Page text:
Deron Williams made waves when he became the first NBA All-Star to agree to play in Europe if the NBA lockout goes on into the 2011-12 NBA season, but he isn't doing it for the money. According to the New Jersey Nets point guard, he's doing it for the experience.
Williams talked to ESPN's Chris Broussard on Saturday and dispelled any notions that he agreed to play for Besiktas in Turkey next season for the money -- a reported deal that could be worth up to $5 million if he plays there for a full year.
"It's ridiculous," Williams said in the interview. "We've known this lockout's coming. I have plenty of money saved for the lockout purpose. Now, I don't even need to touch that money. I can invest that money. I can go grow that money. It's not something that's money-driven."
So if it isn't about the money, why did Williams decide to take his talents to Europe rather than relax at home while watching his money grow?
"It's more about the experience. Experience and being able to compete and play basketball. I don't want to sit around. That's what the NBA wants us to do right now. They locked us out of our gyms, they locked us out of facilities. We got to go find somewhere on our own to go hoop, to put games together," Williams said. "I don't have to do that. I've got a team. I'm going to go through organized practices. I'm going to be in game situations. So if the lockout is lifted, I'm going to be ready to play."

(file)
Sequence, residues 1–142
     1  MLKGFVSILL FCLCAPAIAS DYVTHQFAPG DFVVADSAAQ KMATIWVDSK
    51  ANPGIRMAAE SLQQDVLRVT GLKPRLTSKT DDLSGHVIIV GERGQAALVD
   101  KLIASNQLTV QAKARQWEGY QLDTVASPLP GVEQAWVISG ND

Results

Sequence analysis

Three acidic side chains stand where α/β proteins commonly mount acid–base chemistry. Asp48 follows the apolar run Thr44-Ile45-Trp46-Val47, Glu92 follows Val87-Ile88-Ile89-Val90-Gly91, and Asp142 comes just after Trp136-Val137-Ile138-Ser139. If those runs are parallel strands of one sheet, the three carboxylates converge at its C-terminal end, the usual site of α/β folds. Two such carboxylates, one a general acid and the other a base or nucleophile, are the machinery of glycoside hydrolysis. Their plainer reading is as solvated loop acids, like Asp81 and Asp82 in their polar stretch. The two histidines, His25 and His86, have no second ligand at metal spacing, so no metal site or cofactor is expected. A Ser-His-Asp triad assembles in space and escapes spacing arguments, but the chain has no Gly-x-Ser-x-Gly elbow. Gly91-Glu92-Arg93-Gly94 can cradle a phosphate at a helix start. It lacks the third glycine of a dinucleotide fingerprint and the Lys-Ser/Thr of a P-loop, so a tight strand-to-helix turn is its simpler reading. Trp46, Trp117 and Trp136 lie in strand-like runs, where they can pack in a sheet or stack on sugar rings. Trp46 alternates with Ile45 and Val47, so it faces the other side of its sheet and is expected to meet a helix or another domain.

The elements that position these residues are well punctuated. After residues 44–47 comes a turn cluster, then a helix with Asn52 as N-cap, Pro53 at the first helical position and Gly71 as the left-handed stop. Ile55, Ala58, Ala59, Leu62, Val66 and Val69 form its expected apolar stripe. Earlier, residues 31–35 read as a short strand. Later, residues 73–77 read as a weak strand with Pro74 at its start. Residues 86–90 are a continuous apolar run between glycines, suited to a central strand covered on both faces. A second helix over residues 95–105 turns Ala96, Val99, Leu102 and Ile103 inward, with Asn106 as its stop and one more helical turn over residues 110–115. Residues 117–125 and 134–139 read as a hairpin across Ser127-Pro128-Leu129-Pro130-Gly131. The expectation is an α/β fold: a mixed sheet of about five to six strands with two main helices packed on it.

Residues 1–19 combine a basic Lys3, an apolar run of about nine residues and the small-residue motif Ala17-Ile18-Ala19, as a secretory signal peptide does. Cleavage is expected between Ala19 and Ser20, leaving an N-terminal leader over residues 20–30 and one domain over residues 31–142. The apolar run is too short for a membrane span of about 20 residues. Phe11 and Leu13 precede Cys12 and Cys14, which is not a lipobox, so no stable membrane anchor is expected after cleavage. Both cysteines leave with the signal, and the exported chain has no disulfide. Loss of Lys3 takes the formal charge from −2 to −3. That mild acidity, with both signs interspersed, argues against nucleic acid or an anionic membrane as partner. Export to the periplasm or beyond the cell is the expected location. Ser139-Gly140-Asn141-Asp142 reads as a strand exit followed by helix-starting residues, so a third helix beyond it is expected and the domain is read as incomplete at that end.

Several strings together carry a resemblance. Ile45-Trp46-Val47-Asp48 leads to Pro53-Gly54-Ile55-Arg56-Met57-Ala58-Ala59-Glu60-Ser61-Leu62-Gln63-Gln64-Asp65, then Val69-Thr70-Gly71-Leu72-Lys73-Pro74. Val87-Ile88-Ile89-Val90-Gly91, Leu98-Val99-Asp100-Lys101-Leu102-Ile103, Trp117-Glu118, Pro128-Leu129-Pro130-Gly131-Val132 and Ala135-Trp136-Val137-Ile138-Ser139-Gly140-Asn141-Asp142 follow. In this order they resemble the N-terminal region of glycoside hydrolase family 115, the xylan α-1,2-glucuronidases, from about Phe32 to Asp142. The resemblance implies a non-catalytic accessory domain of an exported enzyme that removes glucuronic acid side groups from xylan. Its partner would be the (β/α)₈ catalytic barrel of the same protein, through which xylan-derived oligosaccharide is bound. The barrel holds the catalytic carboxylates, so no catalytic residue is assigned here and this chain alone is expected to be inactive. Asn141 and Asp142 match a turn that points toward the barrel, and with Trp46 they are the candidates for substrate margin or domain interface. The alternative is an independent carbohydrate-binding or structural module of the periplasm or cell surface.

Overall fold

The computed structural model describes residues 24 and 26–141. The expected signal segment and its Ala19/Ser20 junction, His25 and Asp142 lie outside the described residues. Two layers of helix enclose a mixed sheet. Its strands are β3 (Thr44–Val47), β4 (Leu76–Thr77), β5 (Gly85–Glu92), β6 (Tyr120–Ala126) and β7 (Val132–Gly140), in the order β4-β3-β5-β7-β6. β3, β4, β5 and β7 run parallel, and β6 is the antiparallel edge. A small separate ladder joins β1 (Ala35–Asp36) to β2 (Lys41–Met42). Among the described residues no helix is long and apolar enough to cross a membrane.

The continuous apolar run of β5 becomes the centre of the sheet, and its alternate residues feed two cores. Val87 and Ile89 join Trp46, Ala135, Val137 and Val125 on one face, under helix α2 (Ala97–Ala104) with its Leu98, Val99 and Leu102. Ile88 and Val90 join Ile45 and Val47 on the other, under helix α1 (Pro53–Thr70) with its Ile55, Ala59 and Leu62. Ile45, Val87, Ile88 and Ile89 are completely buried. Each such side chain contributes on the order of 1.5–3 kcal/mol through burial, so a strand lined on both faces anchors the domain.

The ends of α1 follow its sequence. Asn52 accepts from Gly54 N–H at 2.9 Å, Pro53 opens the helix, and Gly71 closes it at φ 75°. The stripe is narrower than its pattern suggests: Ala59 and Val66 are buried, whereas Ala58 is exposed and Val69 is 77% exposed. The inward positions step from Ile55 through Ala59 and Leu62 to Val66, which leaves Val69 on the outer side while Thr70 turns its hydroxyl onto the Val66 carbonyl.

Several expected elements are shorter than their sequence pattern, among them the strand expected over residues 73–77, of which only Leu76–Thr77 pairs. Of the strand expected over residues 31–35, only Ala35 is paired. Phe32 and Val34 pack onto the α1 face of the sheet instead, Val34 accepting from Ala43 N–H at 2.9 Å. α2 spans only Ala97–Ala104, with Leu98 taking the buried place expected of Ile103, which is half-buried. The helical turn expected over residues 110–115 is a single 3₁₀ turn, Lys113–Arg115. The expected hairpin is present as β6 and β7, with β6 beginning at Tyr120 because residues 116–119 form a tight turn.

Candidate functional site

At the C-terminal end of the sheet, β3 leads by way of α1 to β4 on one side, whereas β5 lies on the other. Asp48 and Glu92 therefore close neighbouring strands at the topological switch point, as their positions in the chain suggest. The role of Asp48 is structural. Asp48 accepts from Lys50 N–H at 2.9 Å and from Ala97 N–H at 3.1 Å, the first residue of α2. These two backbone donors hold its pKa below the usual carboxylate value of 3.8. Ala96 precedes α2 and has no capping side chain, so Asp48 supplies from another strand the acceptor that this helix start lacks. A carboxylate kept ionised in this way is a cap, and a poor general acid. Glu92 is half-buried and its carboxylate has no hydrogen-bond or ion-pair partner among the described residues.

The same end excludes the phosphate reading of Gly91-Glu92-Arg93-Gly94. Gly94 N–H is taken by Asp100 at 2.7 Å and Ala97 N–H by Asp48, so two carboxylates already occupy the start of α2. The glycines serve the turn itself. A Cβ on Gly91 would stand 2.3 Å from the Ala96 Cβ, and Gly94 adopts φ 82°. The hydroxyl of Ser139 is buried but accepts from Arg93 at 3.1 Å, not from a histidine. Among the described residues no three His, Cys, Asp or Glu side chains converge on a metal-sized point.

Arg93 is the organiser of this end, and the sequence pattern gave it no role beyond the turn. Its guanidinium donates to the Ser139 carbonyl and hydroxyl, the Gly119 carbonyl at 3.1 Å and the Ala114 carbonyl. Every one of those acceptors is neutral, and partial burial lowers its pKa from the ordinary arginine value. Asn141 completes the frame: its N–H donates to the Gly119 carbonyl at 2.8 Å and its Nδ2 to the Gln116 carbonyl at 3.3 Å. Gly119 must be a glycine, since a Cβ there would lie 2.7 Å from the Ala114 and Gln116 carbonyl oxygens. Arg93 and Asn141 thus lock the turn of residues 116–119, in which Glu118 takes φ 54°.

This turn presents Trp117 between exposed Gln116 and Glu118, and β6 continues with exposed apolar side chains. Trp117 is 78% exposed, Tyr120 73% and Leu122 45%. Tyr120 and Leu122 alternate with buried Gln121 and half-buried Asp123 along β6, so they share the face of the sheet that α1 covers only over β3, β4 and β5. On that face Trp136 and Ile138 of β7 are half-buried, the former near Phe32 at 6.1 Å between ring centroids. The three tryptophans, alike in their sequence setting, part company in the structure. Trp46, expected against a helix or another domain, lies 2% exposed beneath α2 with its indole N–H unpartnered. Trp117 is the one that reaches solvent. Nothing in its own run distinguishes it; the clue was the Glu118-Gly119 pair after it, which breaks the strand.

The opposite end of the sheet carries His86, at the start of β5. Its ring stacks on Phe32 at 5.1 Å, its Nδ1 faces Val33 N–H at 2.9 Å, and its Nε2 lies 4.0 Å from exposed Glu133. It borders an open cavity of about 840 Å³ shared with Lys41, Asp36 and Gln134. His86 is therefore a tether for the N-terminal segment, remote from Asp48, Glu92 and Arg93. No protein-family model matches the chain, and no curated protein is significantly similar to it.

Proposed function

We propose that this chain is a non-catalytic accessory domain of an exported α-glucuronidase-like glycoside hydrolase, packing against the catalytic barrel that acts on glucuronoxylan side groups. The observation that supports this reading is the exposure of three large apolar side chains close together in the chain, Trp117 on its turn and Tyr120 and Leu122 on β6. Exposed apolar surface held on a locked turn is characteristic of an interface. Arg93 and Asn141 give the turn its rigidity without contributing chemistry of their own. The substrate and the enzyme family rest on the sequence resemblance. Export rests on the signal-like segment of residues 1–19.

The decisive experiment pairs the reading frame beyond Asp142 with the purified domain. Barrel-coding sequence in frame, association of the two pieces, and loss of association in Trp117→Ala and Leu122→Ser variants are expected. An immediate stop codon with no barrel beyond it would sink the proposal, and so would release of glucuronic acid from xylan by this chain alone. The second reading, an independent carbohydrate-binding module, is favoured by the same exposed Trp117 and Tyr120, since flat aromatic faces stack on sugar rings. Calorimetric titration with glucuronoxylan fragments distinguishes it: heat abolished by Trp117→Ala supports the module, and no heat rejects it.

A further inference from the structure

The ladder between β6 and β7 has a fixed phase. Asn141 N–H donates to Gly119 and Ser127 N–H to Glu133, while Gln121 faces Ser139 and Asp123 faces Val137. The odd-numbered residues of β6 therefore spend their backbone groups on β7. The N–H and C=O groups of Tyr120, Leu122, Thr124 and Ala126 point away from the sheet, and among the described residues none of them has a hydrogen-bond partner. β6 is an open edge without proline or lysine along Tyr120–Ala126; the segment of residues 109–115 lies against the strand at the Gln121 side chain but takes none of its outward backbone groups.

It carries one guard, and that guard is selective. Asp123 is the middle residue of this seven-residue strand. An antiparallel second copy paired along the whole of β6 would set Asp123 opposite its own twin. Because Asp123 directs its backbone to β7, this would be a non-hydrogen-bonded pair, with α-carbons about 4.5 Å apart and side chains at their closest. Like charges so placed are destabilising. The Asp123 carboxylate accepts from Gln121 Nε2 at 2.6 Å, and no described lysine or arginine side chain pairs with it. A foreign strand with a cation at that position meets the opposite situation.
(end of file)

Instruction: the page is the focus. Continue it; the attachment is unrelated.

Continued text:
Though the experience sounds nice, it's been said that Williams could be risking the Nets voiding his contract if their star player is injured overseas. Williams points out that playing in Turkey isn't more risky than anything else he could be doing until the NBA returns, however.
"People say, 'Oh, you're going to get hurt,'" Williams said. "I can get hurt playing at (the University of San Diego) or wherever I'm at. I can get hurt walking down these steps. Of course, that's a big part of it. But I also did my due diligence, researched insurance. I'll be covered."
The last issue, then, would be how his leaving to Europe will affect Williams' NBA brethren that don't make the trek -- and, more specifically, how it affects the NBA Players Association's bargaining efforts being led by Billy Hunter.
"I talked to Mr. Hunter and he said he supported it," Williams said. "He was happy for me. He thought I made a great decision, a business decision. He was behind me."
Interestingly enough, the preceding statement unsurprisingly proves ESPN's Stephen A. Smith absolutely wrong.